« Reply #10 on: September 29, 2010, 09:10:40 PM »
Quote from: "Ravin&Droolin"
OK this is great information, thanks to all who've replied. So am I right in thinking the AAPP provides electrical power the aircraft's controls? Does it also provide compressed air to start the main engines? Is it the case that the main engines can start each other by bleeding compressed air from one another? 

Or am I completely confused?  :roll:

1] the Rover supplies only electrical power..... it was originally invisaged that it would supply starter air also but it wasn't man enough so the facillity was deleted at a very early stage of service..
2] Main engines are started using a STAD or Palouste with is usually a 4wheel trolley with a small jet or gas turbine engine which produces compressed air at, I believe, 35 PSI, which is fed via a large diameter pipe attached to a connection near the Port undercarriage bay I think it is, into the starter turbine   located on the side of the engine which is geared on to 2nd? stage of compressors which spins the engine up to light-up and self sustained condition, then you move to the next engine in sequence.. :D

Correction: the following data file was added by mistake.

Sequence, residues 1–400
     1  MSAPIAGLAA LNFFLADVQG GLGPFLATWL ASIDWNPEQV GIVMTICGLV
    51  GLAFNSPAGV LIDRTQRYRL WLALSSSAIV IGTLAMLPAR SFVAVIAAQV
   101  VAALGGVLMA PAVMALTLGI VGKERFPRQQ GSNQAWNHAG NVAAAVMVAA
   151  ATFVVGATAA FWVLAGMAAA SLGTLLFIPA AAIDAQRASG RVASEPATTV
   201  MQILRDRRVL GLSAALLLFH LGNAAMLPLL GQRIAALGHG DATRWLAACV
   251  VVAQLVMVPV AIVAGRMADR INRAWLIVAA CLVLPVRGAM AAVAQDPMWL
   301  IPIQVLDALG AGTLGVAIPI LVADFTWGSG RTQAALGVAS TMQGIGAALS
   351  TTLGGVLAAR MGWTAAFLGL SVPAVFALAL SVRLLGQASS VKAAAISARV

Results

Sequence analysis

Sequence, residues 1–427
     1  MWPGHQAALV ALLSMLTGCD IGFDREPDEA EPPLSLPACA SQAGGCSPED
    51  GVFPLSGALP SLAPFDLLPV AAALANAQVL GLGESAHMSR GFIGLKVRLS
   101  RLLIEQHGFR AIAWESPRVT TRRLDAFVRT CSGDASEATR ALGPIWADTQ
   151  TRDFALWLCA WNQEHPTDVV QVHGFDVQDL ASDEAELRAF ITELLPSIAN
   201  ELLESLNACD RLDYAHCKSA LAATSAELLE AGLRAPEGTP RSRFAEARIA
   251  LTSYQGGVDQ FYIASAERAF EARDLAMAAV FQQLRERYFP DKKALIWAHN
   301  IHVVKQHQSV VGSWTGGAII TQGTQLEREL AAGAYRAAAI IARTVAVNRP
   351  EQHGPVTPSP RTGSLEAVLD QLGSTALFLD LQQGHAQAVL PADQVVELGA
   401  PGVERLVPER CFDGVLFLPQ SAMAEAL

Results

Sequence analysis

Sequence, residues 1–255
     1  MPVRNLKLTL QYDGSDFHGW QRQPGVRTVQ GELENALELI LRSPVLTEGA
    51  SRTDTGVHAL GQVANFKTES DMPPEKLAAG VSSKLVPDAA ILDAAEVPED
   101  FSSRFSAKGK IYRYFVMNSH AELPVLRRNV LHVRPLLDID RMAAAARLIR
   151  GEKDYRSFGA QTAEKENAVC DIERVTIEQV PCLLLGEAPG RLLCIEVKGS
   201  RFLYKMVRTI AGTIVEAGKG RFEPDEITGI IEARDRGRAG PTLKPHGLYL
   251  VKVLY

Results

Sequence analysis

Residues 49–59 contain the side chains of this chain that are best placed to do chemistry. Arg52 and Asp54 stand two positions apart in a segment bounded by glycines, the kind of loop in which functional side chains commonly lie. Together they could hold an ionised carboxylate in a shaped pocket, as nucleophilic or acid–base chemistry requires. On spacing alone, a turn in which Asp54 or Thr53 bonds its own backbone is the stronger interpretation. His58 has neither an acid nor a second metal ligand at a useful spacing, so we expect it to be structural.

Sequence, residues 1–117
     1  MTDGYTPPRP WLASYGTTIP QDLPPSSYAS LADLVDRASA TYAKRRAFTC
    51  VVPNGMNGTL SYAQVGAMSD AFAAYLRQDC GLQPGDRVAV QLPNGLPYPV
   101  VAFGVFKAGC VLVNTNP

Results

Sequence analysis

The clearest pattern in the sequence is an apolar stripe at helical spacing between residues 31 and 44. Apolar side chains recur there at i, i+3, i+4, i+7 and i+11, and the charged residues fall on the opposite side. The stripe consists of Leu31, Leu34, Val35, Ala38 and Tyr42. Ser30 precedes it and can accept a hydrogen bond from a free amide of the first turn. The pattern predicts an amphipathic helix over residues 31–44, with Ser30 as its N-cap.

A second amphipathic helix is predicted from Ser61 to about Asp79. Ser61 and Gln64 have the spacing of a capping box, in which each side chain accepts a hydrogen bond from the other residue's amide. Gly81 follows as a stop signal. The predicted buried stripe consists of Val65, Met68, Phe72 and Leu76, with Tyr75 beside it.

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Offline bovril

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Re: Coventry Question 2 ...
« Reply #11 on: September 29, 2010, 10:07:09 PM »
pipe connects starboard side,  by the aapp :)
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Offline StAthan lecky

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Re: Coventry Question 2 ...
« Reply #12 on: September 29, 2010, 10:12:50 PM »
I think I can recall instances of the Rover being used to start an engine whilst I was at St Athan and then as Denis says crossfeed being used to start the other engines ,I was at "Saints" in 1970 so I am unsure when the facility was removed from the Rover AAPU,we did test both start methods during the Major servicing (of the Rover) but the normal method was the elecrical start.